You may treat your dog the exact same way. And it’ll help if you think of how you get your wishes known and followed with your human family.

Cues not commands

It’s easier to say YES to your dog than NOOOOOO! And your dog will| respond fast, once you are both on the same page | FREE EMAIL COURSE | #newpuppy, #dogtraining, #newrescuedog, #puppytraining, #dogbodylanguage, #dogbehavior | www.brilliantfamilydog.com

Do you order, or “command” your partner or family?

Or do you perhaps ask them?

Perhaps you drop hints, without even saying anything at all! For instance, you may come home exhausted and throw yourself into an armchair. A sensitive family member may say “I’ll put the shopping away for you - would you like a cup of tea?” Or even, “You make us a cup of tea and I’ll deal with all these groceries.”

We give and take. We assess a person’s mood and act accordingly. We adapt our requirements to the situation. We are kind and patient (if we want to keep the peace!).

In enlightened dog training, we call these communications - not “commands” but “cues”. They can be vocal cues (“Would you like to sit?”), or they could be environmental cues (I’m holding your lead - if you want me to put it on you for a walk you need to sit). And no, they don’t understand every word - neither does your toddler. But they can get the drift.

So if you take the word “command” right out of your vocabulary you may find that straight away you get on better with your dog. Really!

You have asked your dog to Sit and she doesn’t. Instead of shouting SIT ever louder and more urgently, you may ask yourself why she doesn’t sit:

• Is it because she’s in pain?

• Is it because the floor is slippery so she’s unable to prop herself up?

• Is it because it’s wet and muddy and she’s a comfort-lover? (My whippet wouldn’t dream of sitting on wet grass - and I’d never ask her to!)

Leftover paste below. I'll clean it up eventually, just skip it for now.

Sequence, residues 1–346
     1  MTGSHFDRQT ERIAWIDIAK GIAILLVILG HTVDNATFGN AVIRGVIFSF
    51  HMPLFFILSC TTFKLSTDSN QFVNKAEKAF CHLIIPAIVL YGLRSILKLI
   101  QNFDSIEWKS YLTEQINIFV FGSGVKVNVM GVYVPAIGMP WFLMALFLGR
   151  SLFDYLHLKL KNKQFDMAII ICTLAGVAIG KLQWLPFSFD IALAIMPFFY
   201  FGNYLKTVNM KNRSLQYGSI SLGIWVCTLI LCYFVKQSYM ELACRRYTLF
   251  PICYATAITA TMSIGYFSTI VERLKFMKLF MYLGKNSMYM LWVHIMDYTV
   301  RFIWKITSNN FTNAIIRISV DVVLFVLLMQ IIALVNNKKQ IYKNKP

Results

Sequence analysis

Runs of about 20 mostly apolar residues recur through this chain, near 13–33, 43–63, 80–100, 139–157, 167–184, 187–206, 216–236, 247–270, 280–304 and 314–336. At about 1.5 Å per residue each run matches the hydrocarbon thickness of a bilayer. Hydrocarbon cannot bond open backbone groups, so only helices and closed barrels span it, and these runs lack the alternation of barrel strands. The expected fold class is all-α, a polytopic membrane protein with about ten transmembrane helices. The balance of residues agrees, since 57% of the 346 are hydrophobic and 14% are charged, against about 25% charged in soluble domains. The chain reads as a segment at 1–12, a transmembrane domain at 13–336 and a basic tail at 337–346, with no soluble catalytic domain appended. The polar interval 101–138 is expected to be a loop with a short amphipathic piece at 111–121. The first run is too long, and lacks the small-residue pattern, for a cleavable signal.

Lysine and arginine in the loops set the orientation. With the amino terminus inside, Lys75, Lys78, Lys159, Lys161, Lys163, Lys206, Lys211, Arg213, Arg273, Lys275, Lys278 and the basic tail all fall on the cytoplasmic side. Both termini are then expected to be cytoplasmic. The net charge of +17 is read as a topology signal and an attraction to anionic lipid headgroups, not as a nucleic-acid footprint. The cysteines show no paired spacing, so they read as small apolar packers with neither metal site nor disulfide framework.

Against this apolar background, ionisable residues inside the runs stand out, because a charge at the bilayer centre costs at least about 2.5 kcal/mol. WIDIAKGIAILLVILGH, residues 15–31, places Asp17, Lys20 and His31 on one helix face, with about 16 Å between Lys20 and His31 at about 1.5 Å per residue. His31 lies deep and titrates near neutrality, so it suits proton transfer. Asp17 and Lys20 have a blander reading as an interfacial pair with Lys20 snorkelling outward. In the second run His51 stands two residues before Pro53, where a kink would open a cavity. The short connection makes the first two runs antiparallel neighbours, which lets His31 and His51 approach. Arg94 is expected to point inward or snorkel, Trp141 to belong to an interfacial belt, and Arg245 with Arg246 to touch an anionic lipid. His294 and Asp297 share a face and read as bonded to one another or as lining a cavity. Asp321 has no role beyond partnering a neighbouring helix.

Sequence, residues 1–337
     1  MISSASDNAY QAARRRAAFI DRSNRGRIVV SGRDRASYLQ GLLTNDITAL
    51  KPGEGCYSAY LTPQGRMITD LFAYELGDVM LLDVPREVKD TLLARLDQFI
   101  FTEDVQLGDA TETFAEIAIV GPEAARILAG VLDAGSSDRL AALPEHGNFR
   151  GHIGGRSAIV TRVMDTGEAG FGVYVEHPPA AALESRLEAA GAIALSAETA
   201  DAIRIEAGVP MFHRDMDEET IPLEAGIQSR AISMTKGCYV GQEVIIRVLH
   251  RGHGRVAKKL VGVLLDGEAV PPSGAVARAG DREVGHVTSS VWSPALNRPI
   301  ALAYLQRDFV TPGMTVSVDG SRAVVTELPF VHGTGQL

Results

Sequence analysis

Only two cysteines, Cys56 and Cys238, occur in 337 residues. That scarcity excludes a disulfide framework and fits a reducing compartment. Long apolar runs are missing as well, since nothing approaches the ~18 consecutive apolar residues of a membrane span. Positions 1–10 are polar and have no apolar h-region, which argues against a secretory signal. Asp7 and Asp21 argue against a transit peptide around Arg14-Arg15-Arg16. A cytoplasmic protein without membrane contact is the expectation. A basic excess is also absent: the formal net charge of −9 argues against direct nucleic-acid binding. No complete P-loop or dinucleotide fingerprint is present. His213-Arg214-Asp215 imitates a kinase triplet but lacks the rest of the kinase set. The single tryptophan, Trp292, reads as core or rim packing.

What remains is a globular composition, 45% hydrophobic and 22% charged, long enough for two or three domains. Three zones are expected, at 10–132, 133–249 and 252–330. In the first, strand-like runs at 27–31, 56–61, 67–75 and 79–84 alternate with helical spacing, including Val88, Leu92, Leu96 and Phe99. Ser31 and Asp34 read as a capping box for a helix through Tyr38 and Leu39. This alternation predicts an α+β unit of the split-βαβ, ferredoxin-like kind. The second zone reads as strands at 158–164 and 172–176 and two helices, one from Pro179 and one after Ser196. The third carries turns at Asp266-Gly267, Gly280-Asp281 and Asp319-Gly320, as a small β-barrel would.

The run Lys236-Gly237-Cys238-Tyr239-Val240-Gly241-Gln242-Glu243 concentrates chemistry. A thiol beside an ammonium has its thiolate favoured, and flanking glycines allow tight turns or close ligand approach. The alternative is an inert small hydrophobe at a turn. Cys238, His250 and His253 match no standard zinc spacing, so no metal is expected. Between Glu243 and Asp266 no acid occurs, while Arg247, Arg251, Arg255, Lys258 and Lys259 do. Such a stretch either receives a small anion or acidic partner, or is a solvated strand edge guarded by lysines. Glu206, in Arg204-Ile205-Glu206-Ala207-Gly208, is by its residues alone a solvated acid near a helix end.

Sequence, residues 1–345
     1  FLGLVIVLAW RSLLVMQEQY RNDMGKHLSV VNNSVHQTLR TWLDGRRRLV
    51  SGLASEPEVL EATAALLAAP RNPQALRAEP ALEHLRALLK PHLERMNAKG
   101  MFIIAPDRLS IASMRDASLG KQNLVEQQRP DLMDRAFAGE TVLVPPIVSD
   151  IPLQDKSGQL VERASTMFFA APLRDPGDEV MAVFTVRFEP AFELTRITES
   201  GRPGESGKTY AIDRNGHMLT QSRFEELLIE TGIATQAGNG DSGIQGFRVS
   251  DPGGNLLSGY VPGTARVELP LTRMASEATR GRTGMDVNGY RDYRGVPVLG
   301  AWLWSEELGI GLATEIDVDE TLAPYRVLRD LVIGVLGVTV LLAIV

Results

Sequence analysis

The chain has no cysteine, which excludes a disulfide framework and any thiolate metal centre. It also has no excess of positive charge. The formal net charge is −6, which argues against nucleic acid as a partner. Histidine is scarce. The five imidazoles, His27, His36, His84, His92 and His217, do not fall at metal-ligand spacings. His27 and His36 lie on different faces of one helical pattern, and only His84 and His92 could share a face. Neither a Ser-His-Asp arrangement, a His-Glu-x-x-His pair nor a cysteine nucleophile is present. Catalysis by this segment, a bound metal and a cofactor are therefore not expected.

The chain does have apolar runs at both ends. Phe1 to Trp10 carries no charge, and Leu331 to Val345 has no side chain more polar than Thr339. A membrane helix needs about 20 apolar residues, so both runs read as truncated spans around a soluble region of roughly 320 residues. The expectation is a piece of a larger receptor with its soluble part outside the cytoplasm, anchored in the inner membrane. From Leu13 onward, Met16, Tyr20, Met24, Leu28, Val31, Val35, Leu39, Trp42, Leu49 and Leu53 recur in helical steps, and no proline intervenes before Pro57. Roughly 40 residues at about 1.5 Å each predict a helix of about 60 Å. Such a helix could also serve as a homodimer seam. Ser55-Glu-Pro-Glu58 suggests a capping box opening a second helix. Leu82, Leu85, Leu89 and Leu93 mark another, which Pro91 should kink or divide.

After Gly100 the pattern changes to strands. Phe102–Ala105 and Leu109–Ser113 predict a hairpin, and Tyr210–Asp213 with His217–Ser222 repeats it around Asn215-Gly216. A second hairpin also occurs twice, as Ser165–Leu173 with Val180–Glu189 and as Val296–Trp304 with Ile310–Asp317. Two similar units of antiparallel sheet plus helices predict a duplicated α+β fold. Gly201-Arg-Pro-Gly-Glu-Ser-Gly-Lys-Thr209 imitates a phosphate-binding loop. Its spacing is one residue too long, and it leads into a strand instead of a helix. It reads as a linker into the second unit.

• Is it because she’s distracted by the dog over the road/the postman/children screaming/the shopping bags on the floor/[insert your dog’s fear or fancy here]?

• … or is it perhaps because you never taught her?

“Disobedient” and other such words

The dictionary gives us related words for disobedient:

unruly, wayward, errant, disorderly, delinquent, disruptive, troublesome, rebellious, defiant, mutinous, recalcitrant, uncooperative, non-compliant, wilful, unbiddable, intractable, obstreperous, awkward, difficult, perverse, contrary, naughty, mischievous …

I’ve heard almost all of those words applied to a dog’s behaviour by a frustrated and thwarted owner! Often it’s new dog-owners talking about their first puppy. They clearly are labouring under the misapprehension I outlined above, and are expecting miraculous perception from this baby of another species.

Usually I suggest they substitute the word they’ve used (often stubborn, difficult, disobedient) with a word which better fits the situation: try fearful, shy, overexcited, hungry, overtired … perhaps the sort of words you may use to describe that little toddler who is not doing what you’d like.

We all have reasons for doing things

Of one thing you may be sure - dogs don’t do things for no reason.

You may not be able to see or understand the reason - but there is a reason! And as we’re meant to be the ones with the bigger brains, and we chose to have this dog live with us, it’s up to us to work out what that reason is.

You’ll find some study of Dog Body Language will repay you well (see Resources below). Your dog will heave a huge sigh of relief when at last you seem to understand his clear messages! And no, they’re not obvious to most of us dumb humans till they’re explained to us.

Once you know whether your dog is just distracted or - perhaps - afraid, you’ll be able to deal accordingly with the situation. Keep in mind that you cannot train an emotion-based behaviour out of a dog. They’re not operating on a rational basis at that moment, any more than your shrieking toddler who wants something she can’t get.

So, as I replied to the reader I quoted at the top of this piece, assess the situation carefully before you apportion blame. Your dog needs your help and understanding, not condemnation.

Lots of ideas for changing things - without any ordering or commanding!

In this free 8-lesson email course.

Resources

Dog Body Language videos:

http://www.youtube.com/watch?v=bstvG_SUzMo

http://www.youtube.com/watch?v=00_9JPltXHI

https://susangarrettdogagility.com/2018/06/body-language-fear-and-aggression/

ZZZs are worth £££s and $$$s

How much does my puppy need to sleep? Most people are shocked to hear this answer! Check it out and instantly get a calmer, nip-free home | FREE BOOK! | #newpuppy, #dogtraining, #newrescuedog, #puppynipping, #doghealth, #dogbehavior, #dogsleep, #overexciteddog | www.brilliantfamilydog.com